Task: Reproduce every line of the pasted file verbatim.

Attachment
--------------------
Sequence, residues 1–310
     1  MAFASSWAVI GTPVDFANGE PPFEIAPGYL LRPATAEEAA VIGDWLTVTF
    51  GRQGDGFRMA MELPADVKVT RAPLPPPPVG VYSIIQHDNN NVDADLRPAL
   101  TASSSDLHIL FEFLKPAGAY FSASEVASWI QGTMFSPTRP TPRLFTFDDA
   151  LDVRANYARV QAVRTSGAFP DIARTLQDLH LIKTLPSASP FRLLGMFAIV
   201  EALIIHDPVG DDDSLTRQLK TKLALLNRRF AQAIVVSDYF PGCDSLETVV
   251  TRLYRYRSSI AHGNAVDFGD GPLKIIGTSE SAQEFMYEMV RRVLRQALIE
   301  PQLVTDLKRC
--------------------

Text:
Sequence, residues 1–310
     1  MAFASSWAVI GTPVDFANGE PPFEIAPGYL LRPATAEEAA VIGDWLTVTF
    51  GRQGDGFRMA MELPADVKVT RAPLPPPPVG VYSIIQHDNN NVDADLRPAL
   101  TASSSDLHIL FEFLKPAGAY FSASEVASWI QGTMFSPTRP TPRLFTFDDA
   151  LDVRANYARV QAVRTSGAFP DIARTLQDLH LIKTLPSASP FRLLGMFAIV
   201  EALIIHDPVG DDDSLTRQLK TKLALLNRRF AQAIVVSDYF PGCDSLETVV
   251  TRLYRYRSSI AHGNAVDFGD GPLKIIGTSE SAQEFMYEMV RRVLRQALIE
   301  PQLVTDLKRC